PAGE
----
Captain Philips, the 2013 Hollywood thriller that run many Oscar winners close, deserved all the plaudits. The film features gun-toting Somali pirates, led by one Muse, boarding the American vessel MV Maesrk Alabama.
The captain of the ship, Philips, played by Tom Hanks, attempts to negotiate. In the 134-minute drama set in the rolling waves, the crew at some point overpower the pirates, giving Hanks the chance to separate from his crew and be held as an individual hostage.
In the end, United States Navy Seals save the day and Hanks is rescued before the pirates get him to shore. Muse, played by Somali-born actor Barkhad Abdi, on the other hand is arrested and possibly heads to prison where he will stay until white hair grows out from his nose. The rest of Tom Hank’s crew escape with cuts and bruises.
But this is in the movies; where good ultimately triumphs over evil. Despite having been adapted from true events that occurred to a US ship off the coast of Somalia in 2009, such a feel-good ending to a piracy incident is rare. On Saturday June 7, the remaining 11 members of MV Albedo, a Malaysian cargo ship that was captured in 2010, dramatically made their escape from their captors.
They had been in captivity for more than three years, where they were tortured and one of them shot in an altercation with their captors. The chaos during the hijacking led to the ship sinking, and along with it four crew members. Seven members of the 23-man crew were released in 2012.
The owners of the ship are said to have refused to pay ransom and abandoned the crew after the ship sunk. That is real life, where bits of the bad are intertwined with the worse, and good news is often delayed, if it comes at all.
But with data showing an overall decline in piracy across Africa, good news is not too far offshore.
In January 2014, the International Maritime Bureau (IMB) released its report showing a 40% drop in piracy. The fall brings current piracy rates to their lowest level in the past six years. Specifically, the report looked at the Somali coast where in 2011, some 237 cases of piracy attempts were reported but a year later the number of reported cases had reduced to 75, and eventually to 15 in 2013.
Earlier, a similar report detailing the state of maritime piracy in 2012 along the coast of Somalia and the waters off West Africa echoed these findings, showing a drop of 80% in attacks off the coast of East Africa.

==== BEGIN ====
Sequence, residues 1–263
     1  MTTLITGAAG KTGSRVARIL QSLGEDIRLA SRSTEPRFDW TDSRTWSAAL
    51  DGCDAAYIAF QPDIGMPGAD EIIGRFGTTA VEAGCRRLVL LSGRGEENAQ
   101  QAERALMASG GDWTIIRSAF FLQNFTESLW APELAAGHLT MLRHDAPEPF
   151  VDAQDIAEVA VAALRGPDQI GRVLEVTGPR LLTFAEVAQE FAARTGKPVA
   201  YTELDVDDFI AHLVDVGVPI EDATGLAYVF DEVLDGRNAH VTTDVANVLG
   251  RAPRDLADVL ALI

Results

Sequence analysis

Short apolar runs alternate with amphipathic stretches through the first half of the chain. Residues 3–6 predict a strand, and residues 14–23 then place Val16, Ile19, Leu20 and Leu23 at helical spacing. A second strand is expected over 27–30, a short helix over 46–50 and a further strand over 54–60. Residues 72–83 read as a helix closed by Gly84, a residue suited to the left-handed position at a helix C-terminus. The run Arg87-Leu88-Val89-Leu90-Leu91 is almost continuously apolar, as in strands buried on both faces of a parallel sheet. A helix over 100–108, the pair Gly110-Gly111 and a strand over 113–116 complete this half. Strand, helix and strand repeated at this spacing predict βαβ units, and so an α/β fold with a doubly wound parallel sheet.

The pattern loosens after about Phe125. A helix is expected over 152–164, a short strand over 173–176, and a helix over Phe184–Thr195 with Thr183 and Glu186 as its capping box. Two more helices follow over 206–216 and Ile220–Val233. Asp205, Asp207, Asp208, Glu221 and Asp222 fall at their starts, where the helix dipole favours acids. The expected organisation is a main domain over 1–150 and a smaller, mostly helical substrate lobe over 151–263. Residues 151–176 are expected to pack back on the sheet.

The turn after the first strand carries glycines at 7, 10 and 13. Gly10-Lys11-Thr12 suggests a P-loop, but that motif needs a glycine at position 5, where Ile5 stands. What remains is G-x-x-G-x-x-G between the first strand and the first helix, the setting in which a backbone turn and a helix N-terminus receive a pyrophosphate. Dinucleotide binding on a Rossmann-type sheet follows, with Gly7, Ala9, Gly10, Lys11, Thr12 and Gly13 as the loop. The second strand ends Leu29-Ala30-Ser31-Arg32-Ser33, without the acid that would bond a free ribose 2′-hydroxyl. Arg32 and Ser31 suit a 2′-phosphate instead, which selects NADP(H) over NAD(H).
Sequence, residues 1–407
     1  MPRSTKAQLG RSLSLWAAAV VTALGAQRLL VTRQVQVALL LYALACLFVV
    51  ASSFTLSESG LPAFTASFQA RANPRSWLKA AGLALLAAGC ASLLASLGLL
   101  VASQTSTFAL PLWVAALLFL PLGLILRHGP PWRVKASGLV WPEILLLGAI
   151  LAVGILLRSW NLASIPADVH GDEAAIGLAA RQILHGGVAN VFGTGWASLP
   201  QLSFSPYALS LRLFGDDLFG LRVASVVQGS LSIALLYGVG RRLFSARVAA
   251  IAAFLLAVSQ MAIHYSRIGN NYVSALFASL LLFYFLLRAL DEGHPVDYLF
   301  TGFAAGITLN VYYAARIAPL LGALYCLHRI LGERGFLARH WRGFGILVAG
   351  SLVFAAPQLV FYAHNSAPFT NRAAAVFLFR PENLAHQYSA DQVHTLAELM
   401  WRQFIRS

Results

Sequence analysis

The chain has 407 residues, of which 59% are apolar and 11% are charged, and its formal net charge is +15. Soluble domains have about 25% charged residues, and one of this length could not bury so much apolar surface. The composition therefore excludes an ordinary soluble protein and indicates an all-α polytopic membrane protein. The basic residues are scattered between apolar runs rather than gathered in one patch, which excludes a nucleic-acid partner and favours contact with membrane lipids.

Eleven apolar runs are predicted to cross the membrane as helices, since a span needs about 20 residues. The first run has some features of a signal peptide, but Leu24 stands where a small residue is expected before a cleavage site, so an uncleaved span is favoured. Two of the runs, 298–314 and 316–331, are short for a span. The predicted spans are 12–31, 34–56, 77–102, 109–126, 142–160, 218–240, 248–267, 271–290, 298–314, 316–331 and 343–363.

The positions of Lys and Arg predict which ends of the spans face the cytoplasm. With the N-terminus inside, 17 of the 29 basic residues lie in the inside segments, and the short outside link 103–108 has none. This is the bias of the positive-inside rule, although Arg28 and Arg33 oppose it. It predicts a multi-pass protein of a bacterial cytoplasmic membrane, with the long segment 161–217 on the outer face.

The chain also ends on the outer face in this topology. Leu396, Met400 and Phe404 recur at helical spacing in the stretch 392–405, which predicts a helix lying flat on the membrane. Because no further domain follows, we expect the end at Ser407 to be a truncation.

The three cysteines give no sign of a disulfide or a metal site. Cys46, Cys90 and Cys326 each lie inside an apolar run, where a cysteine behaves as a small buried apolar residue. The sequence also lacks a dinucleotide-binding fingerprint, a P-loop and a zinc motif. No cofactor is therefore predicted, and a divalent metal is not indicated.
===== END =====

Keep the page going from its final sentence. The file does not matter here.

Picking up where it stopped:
But in the wake of attempts, IMB warns against complacency. “...it will take only successful hijacking for the Somalia business model to return,” it notes in its first quarter report for 2014.
But according to the director of IMB, Pottengal Mukundan, piracy along the West African coast has remained at about the same levels over the past few years. The quarterly report for 2014 showed six attempts in Nigeria, but half of the 11 in the similar period of 2013, and 10 in 2012.
Independent NGO Oceans Beyond Piracy reported that some 1,871 seafarers were attacked by West African pirates in 2013, taking 279 seafarers hostage. This is higher than IMB’s report of 117 hostages in the same year and much higher than the 15 attempts reported off the Somali coast.
In their activities in 2012, some 966 seafarers were attacked by the West African pirates in separate incidences, leading to a total of 206 hostages.
Run majorly by Nigerian pirates, the January 2014 report shows West African attacks as contributing to 19% of the world’s maritime attacks. Operating in the Atlantic Ocean coasts of Nigeria, Guinea, Togo, Cote d’Ivoire, Benin, Ghana and Gabon, they largely target oil vessels.
The booming oil market in that region is thought to be the main draw to West African piracy.
Piracy is a goldmine on water for those who attempt it, but its disruptive effect has caught the attention of two powerful groups. In March 2012, NATO and the European Union (EU) resolved to keep their naval operations around Somali waters until December 2014. This perhaps accounts for the reduction in pirate activity.
Cost of piracy
The two organisations have a good reason to hang around the coast of Somalia. According to a 2012 report ‘Piracy off the coast of Somalia’ presented at the UK’s House of Commons, the sea and oceans account for 90% of the world’s choice mode of transporting goods.
From this, 28,000 ships yearly use the Indian Ocean, Gulf of Aden and Arabian Sea. The report further indicated that the annual cost of piracy is within the ranges of $8 billion and $12 billion.
The pirates may be jumping ship but they are jumping ship with a smile – though the same can’t be said of insurers who have had to fork out around $350 million a year.
It is a relief to many that piracy has gone down to the point where they can release hostages at no ransom at all, but the stubborn figures from West Africa shows there is still much to be done.
The hope in the shipping industry and affected economies is that those pirates being put out of a job don’t jump ship to another form of regional crime.